See also Deuteronomy 22:12.
It is my summary that the tallit, the prayer shawl, then, serves not only as a fulfillment of the Torah, but also serves as a living reminder of God Himself.
So I want to give you a few details concerning the tallit; hopefully that will explain my summary … and hopefully, it will bring a renewed sense of healing, deliverance, and hope to you.
There are 613 tassels on every prayer shawl. By the way, do you know how many laws the Rabbis tell us there are in the Bible? 613. These tassels are, in fact, reminders of the 613 laws of God. In other words, when the people of Israel see these, they are reminded of their responsibility to obey the Law, and of their calling to be a holy people unto the Lord.
Additionally, there are also four tzit-tzits (large tassels) on the tallit: one on each corner. These represent the four-letter name of God, יְהוָ֥ה (usually understood as Yahweh.) This is often called the tetragrammaton, a word of Greek derivative meaning “word with four letters.” Also, the Hebrew word for “name” is “shem”. It literally means, “name, reputation, reknown.” In other words, one’s name also declared his/her reputation. To speak one’s name was to state one’s reputation. So, to see a visible statement (such as the tzit-tzit) was to be reminded of the name … and therefore, the reputation of the Lord.
Again, besides reminding the wearer of the name of God, the tzit-tzit, too, are fulfillments of the law of the Lord. The Torah commands us to wear tzit-tzit (fringes) at the corners of our garments. “You shall make for yourselves twisted threads on the four corners of your garment with which you cover yourself.” Deuteronomy 22:12
Some ancient Jewish traditions hold that the threads of the tassels were white to symbolize righteousness … but there was also a conspicuous blue thread among the tassels to symbolize the heavenly origin of the commandments. And Jews would wrap these tzit-tzit around their fingers to remind them of the power of God. (This is probably where we get the idea of tying a string around our finger as a reminder … so as not to forget things.) In addition, in some Jewish traditions, there are 39 windings in each of the tzit-tzit. This equals the numerical value of the Hebrew words "the Lord is One."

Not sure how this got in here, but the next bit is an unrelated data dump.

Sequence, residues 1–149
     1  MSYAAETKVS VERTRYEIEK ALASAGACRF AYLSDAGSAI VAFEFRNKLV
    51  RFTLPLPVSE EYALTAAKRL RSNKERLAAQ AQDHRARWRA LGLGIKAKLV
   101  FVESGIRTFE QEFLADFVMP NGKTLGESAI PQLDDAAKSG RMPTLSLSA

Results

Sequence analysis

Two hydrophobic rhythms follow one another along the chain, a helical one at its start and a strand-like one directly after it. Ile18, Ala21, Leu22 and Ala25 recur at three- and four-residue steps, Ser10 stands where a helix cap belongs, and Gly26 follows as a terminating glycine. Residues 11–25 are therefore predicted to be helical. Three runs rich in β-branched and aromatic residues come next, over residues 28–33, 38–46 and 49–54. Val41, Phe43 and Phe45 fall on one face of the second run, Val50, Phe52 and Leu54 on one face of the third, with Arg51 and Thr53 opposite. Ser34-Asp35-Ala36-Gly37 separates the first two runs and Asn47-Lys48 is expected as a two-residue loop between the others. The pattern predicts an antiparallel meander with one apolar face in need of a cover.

Now, let me bring the story to full-circle: When the woman with the issue of blood touched the fringes of Jesus’ garment, the tzit-tzit, she touched His personal outward, physical symbol and reminder of God’s righteousness and power. Because she believed this manifestation on her part of touching the tassel on the hem of His garment would heal her, it did. This was an outward act of an inner faith.
So, let this serve as a reminder to you today: The same power that raised Jesus from the dead, the same power that healed the woman with the issue of blood, the same power that we are reminded of in the tallit (prayer shawl) is available to you and me today. The power was not and is not in the cloth fringe; it was in the “being reminded of” that the woman with the issue of blood was healed. It is in this same sense of “being reminded of” that we are healed and that we are made overcomers today.
Be reminded … Be an Overcomer … in HIM.
Tyndale House Publishers, Holy Bible : New Living Translation., "Text Edition"--Spine., 2nd ed. (Wheaton, Ill.: Tyndale House Publishers, 2004), Nu 15:37-41.